Skip to content
Who's in the Video
A graduate of Amherst College, Joseph E. Stiglitz received his PHD from MIT in 1967, became a full professor at Yale in 1970, and in 1979 was awarded the John[…]

Should We Hold Lehman Executives Accountable?

Card: Should we hold Lehman executives accountable?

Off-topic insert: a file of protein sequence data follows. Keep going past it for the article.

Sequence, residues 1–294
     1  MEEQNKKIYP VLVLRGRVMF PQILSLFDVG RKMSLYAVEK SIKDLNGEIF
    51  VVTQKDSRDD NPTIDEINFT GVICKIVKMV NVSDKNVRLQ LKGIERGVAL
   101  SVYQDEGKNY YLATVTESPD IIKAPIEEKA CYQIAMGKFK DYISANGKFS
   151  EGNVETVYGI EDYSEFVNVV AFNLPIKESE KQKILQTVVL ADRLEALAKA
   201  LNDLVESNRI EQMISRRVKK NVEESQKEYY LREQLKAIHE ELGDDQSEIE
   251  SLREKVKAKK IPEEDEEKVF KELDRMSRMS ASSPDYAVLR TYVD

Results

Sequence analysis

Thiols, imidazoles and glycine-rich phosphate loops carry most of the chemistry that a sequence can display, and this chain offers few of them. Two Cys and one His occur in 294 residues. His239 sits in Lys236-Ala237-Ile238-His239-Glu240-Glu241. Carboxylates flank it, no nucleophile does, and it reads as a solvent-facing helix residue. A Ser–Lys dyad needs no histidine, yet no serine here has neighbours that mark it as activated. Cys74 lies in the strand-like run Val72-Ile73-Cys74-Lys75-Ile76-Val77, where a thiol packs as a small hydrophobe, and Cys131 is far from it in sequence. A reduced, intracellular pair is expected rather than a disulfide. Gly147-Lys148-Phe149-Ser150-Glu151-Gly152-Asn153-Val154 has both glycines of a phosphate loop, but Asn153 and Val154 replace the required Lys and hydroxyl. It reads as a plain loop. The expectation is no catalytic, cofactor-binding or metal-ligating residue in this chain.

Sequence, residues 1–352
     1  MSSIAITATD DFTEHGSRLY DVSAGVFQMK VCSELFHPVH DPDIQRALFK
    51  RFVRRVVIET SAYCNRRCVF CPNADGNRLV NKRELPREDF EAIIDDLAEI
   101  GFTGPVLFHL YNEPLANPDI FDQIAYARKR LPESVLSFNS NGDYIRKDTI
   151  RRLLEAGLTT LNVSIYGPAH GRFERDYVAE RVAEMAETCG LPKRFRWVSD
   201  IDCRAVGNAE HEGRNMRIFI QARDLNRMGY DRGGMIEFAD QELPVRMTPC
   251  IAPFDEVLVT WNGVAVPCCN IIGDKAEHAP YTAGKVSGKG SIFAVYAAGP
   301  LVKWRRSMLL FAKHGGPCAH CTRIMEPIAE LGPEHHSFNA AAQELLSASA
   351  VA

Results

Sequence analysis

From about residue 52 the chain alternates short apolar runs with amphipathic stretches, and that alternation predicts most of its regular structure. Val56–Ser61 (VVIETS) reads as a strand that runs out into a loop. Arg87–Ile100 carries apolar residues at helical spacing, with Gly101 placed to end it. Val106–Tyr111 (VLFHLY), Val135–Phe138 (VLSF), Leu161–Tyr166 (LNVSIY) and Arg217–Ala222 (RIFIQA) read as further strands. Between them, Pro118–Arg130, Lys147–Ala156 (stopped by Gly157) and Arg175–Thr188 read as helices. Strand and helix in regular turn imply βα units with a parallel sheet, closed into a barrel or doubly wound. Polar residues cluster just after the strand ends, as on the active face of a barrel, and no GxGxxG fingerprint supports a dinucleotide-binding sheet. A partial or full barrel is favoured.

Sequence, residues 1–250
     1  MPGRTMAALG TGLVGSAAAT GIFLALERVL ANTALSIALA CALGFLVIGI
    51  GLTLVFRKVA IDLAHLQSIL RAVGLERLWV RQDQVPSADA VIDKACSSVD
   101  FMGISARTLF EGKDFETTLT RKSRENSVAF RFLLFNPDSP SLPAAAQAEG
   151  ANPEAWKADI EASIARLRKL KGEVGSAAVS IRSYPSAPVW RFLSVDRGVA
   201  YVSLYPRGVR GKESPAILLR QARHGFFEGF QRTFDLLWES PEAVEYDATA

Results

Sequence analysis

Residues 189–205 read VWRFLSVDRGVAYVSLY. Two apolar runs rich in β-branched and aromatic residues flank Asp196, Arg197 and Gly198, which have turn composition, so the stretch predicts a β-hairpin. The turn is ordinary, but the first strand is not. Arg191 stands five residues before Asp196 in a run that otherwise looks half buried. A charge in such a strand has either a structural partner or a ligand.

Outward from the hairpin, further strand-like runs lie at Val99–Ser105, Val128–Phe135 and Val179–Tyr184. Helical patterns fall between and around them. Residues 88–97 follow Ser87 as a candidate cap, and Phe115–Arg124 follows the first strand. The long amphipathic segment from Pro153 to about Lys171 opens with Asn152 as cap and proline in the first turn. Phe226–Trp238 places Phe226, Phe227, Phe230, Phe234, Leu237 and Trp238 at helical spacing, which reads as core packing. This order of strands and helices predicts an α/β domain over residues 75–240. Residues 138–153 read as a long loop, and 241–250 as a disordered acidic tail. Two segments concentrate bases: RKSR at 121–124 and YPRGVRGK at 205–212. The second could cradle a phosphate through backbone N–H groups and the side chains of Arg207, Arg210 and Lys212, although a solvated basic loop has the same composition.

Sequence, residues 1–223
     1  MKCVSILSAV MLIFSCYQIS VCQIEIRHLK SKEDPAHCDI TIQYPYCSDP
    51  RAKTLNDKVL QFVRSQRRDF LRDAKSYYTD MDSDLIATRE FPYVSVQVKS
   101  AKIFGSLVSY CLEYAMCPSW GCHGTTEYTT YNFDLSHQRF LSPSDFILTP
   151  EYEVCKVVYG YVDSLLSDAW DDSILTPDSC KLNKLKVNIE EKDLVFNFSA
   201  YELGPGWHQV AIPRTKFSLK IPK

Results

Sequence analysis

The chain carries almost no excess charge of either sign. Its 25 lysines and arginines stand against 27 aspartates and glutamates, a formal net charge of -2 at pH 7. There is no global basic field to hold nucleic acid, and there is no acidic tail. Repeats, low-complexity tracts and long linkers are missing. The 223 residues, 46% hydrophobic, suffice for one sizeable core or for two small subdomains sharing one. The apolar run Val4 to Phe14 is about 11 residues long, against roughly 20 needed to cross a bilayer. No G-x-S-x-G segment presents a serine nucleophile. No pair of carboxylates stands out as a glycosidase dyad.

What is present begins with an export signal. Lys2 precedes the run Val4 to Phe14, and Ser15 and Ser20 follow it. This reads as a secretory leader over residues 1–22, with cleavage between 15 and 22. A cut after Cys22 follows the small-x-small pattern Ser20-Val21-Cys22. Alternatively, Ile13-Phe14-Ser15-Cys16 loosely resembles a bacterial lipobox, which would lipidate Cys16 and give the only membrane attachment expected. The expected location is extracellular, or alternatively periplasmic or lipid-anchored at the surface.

Stiglitz:    Clearly, I think they should be held accountable… they probably won’t, least not to a very large extent, you know, it was… in the first bail out of Fannie Mae and Freddie Mac, I was very critical about that, in part, because they left the management, who have gotten then into the mess, in charge.  You know, any system of accountability says if you are so reckless to get us into this mess, how can we trust you to get us out?  And you are enriching your pockets, look at the pay that those guys are getting, while they [were leading] their country into these serious problems.  Now, things look a little bit better but the difficulty of holding them accountable will not be very easy.  That is to say that their bonuses were paid on the basis of the performance in 2006, 2007.  There was no provision that said, “You make loss in 2008, 2009, you’ll have to get that… some of that back.”  Now, it was a high level of incompetency but from a legal standard, it probably doesn’t rise to the level of fraud that would, at least, in most of the cases and some of them may but to the… that would allow the canceling of their… of their [IB] contracts, canceling their pension benefits.  So, in fact, most of these people are going to do very well.  Now, they’re going to be crying, let me… you should be clear, they’re going to be crying, they’re going to say, “We would have been so much wealthier had you [bailed] us up… out even better.”  You know the [Bernstein’s] people are crying, you know, they’re saying, “Look at what’s happened to our wealth.”  I know some people in Citibank who, you know, are saying the same thing.  If our stock prices have remained at the inflated level, we would be wealthy… very wealthy, now, we’re only wealthy or put to it more accurately they would have been very, very, very wealthy, now they’re only very, very wealthy.  So that point is that, they’re going to walk away with a lot of money.   Some of them will not have taken prudential action, would not have put enough money away and there will be some people facing a problem.  But we, almost surely, will not hold most of these people accountable for what has happened.